By Karen O’Connor
Dr. Wu closed the door behind him as he entered the small, sterile room where my husband Charles and I sat, clutching each other’s hands. “I wish I had better news,” he said, glancing at the oncology report on the computer screen. “Charles, you have late-stage cancer that has metastasized to your liver. But we don’t know what kind it is or where it originated, so I can’t offer any treatment. If I could, I would—I assure you.”
Silence filled the small room. After a moment I stuttered a question in a small voice. “When should we call hospice?”
“Tomorrow.” Dr. Wu shook our hands and wished us the best.
We thanked him and wobbled out the door and to the car, holding tight to each other and to God’s grace.
The following day, before I had a chance to make the call, the director of hospice in our community phoned to make an appointment to enroll Charles in the program that would sustain us for the next four months.
A New Passage
My grief began that day, even though at the time I didn’t know how much time we had left. But of one thing I was sure—I was going to lose my husband; our marriage would end, and never again on this earth would we share a meal, cuddle in bed, walk in the park, camp by a lake, play with our grandchildren, sing in the choir, or attend a movie with friends.
I remember a day about two months in when Charles walked across the living room and I jumped up from my chair and threw my arms around him. “I don’t want you to go,” I sobbed. “I want to keep you with me forever.” As I write this I’m feeling again the deep and unrelenting grief that gripped my soul in that moment. I couldn’t imagine my life without Charles at my side. I just couldn’t get it. We’d been together for 35 years—nearly half a lifetime.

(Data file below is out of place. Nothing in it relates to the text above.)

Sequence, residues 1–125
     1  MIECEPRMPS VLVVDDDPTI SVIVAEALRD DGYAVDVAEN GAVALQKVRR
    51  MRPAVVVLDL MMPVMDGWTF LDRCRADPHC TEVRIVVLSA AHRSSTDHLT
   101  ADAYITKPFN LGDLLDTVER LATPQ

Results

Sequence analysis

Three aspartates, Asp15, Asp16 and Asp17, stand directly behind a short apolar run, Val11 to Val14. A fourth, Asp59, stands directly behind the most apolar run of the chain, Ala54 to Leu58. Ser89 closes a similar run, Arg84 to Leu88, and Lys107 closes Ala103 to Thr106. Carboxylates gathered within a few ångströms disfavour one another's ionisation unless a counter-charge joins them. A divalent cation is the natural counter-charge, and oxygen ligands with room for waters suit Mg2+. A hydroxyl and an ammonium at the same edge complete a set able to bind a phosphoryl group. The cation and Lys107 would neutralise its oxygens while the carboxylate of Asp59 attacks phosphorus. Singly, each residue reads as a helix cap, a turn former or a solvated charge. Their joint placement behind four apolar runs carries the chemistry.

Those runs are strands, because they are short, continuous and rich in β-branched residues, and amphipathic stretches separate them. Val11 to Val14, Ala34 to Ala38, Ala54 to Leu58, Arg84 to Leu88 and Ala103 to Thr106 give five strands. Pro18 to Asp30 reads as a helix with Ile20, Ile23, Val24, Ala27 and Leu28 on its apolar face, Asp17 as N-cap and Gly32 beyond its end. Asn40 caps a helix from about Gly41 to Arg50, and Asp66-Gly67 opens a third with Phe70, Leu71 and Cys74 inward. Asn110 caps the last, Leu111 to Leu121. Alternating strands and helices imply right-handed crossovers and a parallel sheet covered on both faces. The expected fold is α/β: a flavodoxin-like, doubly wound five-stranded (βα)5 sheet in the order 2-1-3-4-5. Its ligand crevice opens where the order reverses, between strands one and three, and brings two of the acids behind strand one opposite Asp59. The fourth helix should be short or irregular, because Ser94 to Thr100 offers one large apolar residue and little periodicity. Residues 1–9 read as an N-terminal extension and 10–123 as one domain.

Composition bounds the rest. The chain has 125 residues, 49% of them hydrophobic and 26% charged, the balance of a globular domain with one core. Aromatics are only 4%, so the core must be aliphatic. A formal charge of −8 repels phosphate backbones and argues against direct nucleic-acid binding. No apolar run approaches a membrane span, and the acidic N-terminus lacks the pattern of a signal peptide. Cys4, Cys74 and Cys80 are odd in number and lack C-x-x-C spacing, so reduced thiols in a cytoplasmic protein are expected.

A New Life Alone
My dear husband died peacefully at home on March 6, 2015, after our children and grandchildren visited him during his final days, loving and kissing him, singing to him, and reading to him from the Bible. I’ll never forget the hour the undertaker ushered his body out the front door of our house—the place Charles had loved so much and had poured so many hours into, making it a beautiful home for our final years together.
Well-intentioned friends reminded me that I will see him again in Heaven, but somehow I didn’t find that encouraging—at least then. I missed Charles here and now in the flesh. I missed watching him trim our roses, polish my shoes, run a load of laundry, surprise me with a bouquet, pray with me, catch me with a hug and a kiss when I was overfocused on writing an article or book, and suggest we eat out on a much too busy day.
A New Way of Living
I knew I needed help, so I took advantage of the grief support offered by hospice, attending eight sessions of one-on-one counseling and several months of weekly group meetings where people in similar circumstances talked and cried and shared their process with one another. I found it enormously helpful to put words to my grief. The more I talked, the better I felt. Some participants couldn’t get past their tears. Words clogged their throats. Others left early or stopped coming. Still others said they just couldn’t take all the sadness.